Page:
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Four Hours, Just Four Hours

Diabetes Blog WeekYesterday we opened up about how diabetes can bring us down. Today let’s share what gets us through a hard day.  Or more specifically, a hard diabetes day.  Is there something positive you tell yourself?  Are there mantras that you fall back on to get you through?  Is there something specific you do when your mood needs a boost?  Maybe we’ve done that and we can help others do it too? (Thanks to Meri of Our Diabetic Life for suggesting this topic.)

Is there a mantra that I fall back on to get me through a hard diabetes day? Absolutely! It is one that I share with newly diagnosed adults and parents who are struggling to get through. I remind them to look at life in four-hour blocks. If you take everything in four-hour strides and you can ride through anything.

When diabetes seems to be kicking your butt every morning, look at how things are going between lunch and supper. Are things okay? Give yourself a mental high-five and celebrate that victory rather than dwelling on the post-breakfast spike that this threatening to drive you over the edge.

Do overnights seem overwhelming? Again, break it down.  How are things from snack until 12 or 1am? What is life like in the deepest part of the night? Are things settled before breakfast or has chaos been awakened in those four hours? If you break it down into six four-hour periods, life becomes a bit more manageable and instead of seeing all of the bad, you can savor some of the good.

Why do I have a four-hour mantra? Because early on I learned that my son’s Humalog was supposed to last about 4 hours.  He was injected at 8am for breakfast, then at noon for lunch, around 5pm for supper and then again at 9pm for his nighttime snack.  I was going crazy trying to see a perfect 24 hour day. I realized that looking at a complete day was never going to make me happy. The only way to see success was to look at small chunks of time.  Coincidentally, that was also how we would make changes to his regimen.  Was his breakfast ratio of carbs to insulin off? How about at bedtime? Life was naturally being broken down into 4 hour chunks for me so why not work with that?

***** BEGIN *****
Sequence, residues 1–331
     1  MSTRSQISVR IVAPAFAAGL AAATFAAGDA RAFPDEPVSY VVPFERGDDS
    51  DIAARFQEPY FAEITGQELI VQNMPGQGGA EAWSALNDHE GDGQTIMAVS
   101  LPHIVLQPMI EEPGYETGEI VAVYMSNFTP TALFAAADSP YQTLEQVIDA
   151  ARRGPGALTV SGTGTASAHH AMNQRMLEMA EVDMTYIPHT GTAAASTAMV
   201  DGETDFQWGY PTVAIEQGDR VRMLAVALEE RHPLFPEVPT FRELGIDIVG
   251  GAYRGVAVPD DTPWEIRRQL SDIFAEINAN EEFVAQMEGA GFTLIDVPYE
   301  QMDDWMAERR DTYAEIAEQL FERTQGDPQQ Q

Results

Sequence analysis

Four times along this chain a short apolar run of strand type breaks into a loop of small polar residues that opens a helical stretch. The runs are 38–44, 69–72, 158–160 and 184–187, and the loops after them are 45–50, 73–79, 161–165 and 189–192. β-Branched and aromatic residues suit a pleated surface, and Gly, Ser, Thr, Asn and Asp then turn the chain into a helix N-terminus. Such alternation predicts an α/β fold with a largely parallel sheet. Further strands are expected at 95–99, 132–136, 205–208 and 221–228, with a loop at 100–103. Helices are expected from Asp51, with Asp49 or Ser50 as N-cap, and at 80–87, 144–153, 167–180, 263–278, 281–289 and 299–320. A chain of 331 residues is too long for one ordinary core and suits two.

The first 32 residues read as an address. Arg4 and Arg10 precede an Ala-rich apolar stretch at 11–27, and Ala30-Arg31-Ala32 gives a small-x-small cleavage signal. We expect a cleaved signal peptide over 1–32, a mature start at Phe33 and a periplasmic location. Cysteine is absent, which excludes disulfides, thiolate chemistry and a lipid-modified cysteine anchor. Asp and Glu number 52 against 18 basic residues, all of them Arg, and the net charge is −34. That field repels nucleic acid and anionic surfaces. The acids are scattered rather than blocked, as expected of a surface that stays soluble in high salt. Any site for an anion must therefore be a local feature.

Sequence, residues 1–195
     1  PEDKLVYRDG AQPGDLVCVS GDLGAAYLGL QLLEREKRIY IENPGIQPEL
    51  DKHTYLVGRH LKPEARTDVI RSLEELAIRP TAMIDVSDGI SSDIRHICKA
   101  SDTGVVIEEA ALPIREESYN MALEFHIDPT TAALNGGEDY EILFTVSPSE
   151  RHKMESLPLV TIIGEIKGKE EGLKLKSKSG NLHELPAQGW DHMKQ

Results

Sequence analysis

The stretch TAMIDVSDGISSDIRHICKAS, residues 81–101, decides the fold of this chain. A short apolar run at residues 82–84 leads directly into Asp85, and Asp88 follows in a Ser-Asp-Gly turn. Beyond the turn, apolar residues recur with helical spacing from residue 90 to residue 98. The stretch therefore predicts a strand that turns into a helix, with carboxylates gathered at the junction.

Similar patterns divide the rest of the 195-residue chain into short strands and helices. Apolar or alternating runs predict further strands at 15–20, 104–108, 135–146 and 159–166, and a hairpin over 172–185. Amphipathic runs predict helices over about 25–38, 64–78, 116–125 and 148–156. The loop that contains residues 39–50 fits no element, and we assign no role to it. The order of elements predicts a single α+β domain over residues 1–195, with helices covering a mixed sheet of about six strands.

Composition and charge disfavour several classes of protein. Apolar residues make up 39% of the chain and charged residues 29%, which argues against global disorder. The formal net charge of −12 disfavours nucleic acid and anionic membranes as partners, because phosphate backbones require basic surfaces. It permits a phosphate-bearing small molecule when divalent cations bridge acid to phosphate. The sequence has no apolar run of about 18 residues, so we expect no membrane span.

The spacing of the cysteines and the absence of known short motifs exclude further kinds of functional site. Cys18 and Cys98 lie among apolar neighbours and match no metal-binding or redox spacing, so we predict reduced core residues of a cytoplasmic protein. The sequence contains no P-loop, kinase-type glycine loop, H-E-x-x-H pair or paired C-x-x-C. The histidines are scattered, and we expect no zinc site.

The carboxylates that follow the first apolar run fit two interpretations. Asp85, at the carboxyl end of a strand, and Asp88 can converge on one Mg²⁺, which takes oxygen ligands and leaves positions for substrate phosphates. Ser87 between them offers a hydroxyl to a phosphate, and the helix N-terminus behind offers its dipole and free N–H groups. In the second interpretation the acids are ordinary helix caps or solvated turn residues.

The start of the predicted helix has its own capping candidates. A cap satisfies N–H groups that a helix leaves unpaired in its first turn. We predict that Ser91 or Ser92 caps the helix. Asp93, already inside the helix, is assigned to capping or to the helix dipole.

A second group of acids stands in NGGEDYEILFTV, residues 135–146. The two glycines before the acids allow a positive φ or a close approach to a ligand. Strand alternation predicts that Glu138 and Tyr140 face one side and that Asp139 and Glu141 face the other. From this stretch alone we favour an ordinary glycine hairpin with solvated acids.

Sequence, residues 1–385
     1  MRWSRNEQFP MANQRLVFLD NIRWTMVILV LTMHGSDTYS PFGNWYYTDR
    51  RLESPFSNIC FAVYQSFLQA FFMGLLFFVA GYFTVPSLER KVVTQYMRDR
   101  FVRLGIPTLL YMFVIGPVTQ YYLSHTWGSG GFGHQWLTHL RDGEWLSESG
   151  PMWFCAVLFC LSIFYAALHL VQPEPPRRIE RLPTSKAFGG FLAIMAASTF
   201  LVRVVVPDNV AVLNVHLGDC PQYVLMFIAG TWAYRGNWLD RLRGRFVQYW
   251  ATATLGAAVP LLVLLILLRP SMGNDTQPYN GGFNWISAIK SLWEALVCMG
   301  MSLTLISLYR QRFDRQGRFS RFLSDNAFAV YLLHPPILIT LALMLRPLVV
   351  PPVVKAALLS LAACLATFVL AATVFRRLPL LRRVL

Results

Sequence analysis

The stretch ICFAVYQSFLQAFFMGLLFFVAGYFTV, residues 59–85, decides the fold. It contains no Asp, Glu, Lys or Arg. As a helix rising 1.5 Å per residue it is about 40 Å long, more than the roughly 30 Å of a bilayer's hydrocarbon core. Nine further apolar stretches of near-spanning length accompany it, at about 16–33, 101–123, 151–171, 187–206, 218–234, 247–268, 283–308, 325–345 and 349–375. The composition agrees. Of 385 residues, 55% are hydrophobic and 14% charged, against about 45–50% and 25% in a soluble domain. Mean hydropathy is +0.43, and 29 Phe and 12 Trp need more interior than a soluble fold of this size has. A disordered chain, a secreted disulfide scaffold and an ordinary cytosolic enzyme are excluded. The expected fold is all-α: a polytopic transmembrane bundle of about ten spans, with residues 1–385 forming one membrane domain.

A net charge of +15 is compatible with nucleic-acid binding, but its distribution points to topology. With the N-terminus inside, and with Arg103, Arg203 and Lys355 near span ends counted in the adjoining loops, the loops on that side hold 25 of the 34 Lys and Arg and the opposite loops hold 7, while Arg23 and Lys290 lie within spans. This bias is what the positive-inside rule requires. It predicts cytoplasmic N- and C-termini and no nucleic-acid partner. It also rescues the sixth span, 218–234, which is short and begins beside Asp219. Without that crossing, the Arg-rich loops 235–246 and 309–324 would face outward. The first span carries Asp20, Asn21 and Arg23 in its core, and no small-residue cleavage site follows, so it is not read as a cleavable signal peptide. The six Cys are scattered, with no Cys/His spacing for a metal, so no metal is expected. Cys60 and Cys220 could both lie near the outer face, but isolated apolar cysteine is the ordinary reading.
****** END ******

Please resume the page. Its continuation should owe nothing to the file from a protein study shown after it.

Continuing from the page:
Now I know some of you will say, but we are using a pump so that won’t work for me.  Yes it will!  Chances are high that you are still doing things like having breakfast, lunch and supper.  You are probably still going to bed at one point as well. All of these events can be broken down and again my four-hour mantra applied.  Was I a successful pancreas this afternoon? Yes? AWESOME!! Let’s break out the happy dance!!! Did I have an issue after supper? Okay, let’s look at what can be done.

Life is less overwhelming in four-hour shots. It can be applied it outside of diabetes as well.  Are you wanting to change your eating habits? Did you have a great breakfast? Pat yourself on the back. Over did it at lunch? Do better tomorrow. Can you see how easily this works?

Life can be overwhelming.  As we discussed yesterday, life with diabetes can make it worse.  Taking life four hours at a time has allowed me to focus on what I need to change and to praise myself when I get it right…and we all need a lot more praise in our lives.

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Fighting the Darkness

Diabetes Blog WeekMay is Mental Health Month so now seems like a great time to explore the emotional side of living with, or caring for someone with, diabetes. What things can make dealing with diabetes an emotional issue for you and / or your loved one, and how do you cope? (Thanks go out to Scott of Strangely Diabetic for coordinating this topic.)

I love being part of Diabetes Blog Week because of the vast array of topics that make you stretch yourself, think and explore new avenues.  Today’s topic is one that is very personal and very difficult. I have dealt with some of the dark issues surrounding being a parent and living with a child with diabetes in last year’s webinar “Normal is Just a Setting on the Dryer” as well as throughout my blog over the years.

Most likely you have heard about the strong correlation of diabetes and depression for people living with the disease.  Diabetes presents many management challenges in learning how to be a pancreas.  It presents financial challenges in being able to afford the best care to be able to obtain your best bg levels.  Diabetes is often looked upon as something that the patient themselves caused.  Bg levels and A1cs are often judged as “good” or “bad”.  It is therefore not surprising that the stigmas and challenges of the disease can quickly become overwhelming.

As a parent, we do not have the same direct issues as our children with live with diabetes but in some respects perhaps its a bit worse because we carry the blame for it all. We ache when our child is having to deal with any of those issues. We desperately want to take all of the pain away from them.  We feel that we would gladly carry this disease to save them such pain and anguish.

Parents struggle with their guilt.  How did we let this happen to our child? What could we have done differently? Should we have breastfed longer? Was it a vaccine that caused this? Did we pass along faulty genes? It is our job to protect our children and we may feel that we have failed to protect them in the most profound of ways…we allowed them to develop type 1 diabetes.

Now I know intuitively that this is not the case. I know that I did not cause my son’s disease but was it my fault that he was so sick before he went into the hospital? I am educated. Shouldn’t I have known something was wrong? If I am honest, I did know that something was wrong. One day in the summer prior he was pale and sick…but it was just one day and we assumed he had a bug.  Before his diagnosis when he had thrush and was not himself, we had taken him to the doctor.  He said my son was fine.  I did take him back to my own doctor a few days later when things did not improve. I could not have prevented this but still the guilt lurks.